Kim Traynor/Wikimedia Commons

A preceding model was created by exiled Polish troops to defend the Scottish coastline.

After falling in defeat to the Nazis in World War II, the Polish tank commander Stanislaw Maczek went into exile in Scotland, where he commanded a force of Polish refugees from Barony Castle, south of Edinburgh. Their task was to defend the fractal Scottish coastline, for which General Maczek ordered the construction of a giant outdoor map of 300 square meters, complete with roads, railways and brass miniatures.

Thirty years later, a Polish businessman named Jan Tomasik who had served under Maczek bought the castle and decided he wanted to recreate the map. He hired Kazimierz Trafas, a Polish student from Krakow who studied geography and planning, and together they reconstructed the United Kingdom's largest three-dimensional map. Getting the elevations correct proved a particular challenge, as any mistakes were poured in concrete and had to be erased with a jackhammer.

At the time, the map, made of concrete and plaster, sat in a moat, with the water filling in the inlets and coves of the coastline like the sea. Here is how Janusz Szewczuk described [PDF] the finished product, in 1976 (compare with the above photograph):

"...in the early spring the model was painted by contractors. The forests and urban areas were highlighted; water was pumped into the map, supplying the rivers and lakes. The pool wall was plastered; the last few remaining islands were modeled and the pool would be filled with dyed water so that the observer would focus on the map rather than on the bottom of the pool. It was planned to build a metal footbridge over the model to allow visitors a viewing platform without damaging the surface."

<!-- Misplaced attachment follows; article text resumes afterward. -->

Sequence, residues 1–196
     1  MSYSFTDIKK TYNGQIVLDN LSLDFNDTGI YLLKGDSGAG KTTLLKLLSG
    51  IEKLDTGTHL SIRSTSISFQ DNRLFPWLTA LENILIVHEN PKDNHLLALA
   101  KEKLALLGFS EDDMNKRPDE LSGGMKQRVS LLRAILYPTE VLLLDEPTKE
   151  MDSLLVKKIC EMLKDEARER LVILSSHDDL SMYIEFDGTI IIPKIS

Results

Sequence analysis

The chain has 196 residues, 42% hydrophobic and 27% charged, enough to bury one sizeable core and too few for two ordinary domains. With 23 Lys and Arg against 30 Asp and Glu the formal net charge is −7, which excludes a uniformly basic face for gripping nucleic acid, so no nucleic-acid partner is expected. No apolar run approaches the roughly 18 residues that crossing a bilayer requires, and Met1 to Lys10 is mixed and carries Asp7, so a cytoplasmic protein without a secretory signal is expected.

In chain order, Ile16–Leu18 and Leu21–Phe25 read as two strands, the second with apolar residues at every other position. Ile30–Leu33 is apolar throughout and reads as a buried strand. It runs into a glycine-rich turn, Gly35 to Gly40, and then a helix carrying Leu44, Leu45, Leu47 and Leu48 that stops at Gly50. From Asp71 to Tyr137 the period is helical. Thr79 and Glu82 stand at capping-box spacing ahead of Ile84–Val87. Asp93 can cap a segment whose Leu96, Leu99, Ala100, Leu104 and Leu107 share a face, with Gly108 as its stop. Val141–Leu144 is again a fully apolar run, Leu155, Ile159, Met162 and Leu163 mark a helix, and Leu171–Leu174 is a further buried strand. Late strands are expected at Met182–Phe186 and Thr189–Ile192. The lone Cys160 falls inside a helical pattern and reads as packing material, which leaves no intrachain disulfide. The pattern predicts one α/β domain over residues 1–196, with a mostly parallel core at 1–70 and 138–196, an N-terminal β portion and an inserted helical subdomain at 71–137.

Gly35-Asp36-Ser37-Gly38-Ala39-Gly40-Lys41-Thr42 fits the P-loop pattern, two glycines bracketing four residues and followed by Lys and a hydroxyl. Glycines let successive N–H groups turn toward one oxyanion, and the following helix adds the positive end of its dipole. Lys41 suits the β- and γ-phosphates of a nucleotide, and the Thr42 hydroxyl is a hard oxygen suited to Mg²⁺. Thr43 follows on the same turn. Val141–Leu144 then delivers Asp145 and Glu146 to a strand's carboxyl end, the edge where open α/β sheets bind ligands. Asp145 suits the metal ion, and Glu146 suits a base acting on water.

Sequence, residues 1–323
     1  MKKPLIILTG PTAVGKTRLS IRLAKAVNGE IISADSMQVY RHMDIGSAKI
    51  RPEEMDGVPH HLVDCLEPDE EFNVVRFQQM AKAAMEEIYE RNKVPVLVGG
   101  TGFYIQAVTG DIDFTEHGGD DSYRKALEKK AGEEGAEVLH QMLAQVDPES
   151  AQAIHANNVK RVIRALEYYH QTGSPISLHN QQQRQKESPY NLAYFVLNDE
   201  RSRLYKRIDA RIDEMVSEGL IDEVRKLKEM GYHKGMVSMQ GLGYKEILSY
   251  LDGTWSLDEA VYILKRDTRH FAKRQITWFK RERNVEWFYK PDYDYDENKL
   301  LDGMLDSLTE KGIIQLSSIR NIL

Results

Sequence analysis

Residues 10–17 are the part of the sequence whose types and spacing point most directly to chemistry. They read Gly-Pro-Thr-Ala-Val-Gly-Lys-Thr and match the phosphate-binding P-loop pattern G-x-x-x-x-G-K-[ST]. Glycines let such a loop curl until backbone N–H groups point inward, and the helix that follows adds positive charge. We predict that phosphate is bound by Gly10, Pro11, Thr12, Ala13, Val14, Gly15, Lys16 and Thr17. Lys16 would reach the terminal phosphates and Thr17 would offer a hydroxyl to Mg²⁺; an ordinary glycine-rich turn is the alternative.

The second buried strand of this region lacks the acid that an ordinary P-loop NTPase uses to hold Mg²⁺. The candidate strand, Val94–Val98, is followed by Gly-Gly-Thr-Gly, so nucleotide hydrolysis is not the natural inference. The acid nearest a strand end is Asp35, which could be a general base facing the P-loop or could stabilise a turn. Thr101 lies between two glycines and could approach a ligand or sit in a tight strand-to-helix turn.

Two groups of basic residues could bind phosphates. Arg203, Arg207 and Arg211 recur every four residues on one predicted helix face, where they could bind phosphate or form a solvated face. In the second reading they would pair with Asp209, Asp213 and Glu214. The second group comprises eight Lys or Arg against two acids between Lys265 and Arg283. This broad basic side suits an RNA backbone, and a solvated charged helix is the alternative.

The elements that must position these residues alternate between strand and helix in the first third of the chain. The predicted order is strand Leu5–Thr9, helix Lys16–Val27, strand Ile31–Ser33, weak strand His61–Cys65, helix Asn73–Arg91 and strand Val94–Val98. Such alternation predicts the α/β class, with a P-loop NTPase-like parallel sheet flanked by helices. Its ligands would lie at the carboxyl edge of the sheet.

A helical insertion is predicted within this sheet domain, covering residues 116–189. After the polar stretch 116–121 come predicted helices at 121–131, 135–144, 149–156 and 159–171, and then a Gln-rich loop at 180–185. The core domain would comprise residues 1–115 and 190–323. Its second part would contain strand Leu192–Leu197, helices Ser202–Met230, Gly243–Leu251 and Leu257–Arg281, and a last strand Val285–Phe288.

But soon afterwards Tomasik passed away, the castle changed hands, and the map was largely forgotten. Today it is cracked and overgrown. But soon it may be restored to its original glory.

After an intensive recent effort to raise awareness for its preservation, the map was granted "listed status" this week, placing it on Scotland's list of protected sites and structures. Locals hope that now the map will be restored to its original condition. For an aerial photo, see here.

Top image: Kim Traynor/Wikimedia Commons.

About the Author

Most Popular

  1. Equity

    Why Not Just Stop Paying Rent?

    Because of coronavirus, millions of tenants won’t be able to write rent checks. But calls for a rent holiday often ignore the longer-term economic effects.

  2. photo: a For Rent sign in a window in San Francisco.
    Coronavirus

    Do Landlords Deserve a Coronavirus Bailout, Too?

    Some renters and homeowners are getting financial assistance during the economic disruption from the coronavirus pandemic. What about landlords?

  3. photo: South Korean soldiers attempt to disinfect the sidewalks of Seoul's Gagnam district in response to the spread of COVID-19.
    Coronavirus

    Pandemics Are Also an Urban Planning Problem

    Will COVID-19 change how cities are designed? Michele Acuto of the Connected Cities Lab talks about density, urbanization and pandemic preparation.  

  4. Coronavirus

    Why Asian Countries Have Succeeded in Flattening the Curve

    To help flatten the curve in the Covid-19 outbreak, officials at all levels of government are asking people to stay home. Here's what’s worked, and what hasn't.

  5. Equity

    We'll Need To Reopen Our Cities. But Not Without Making Changes First.

    We must prepare for a protracted battle with coronavirus. But there are changes we can make now to prepare locked-down cities for what’s next.

×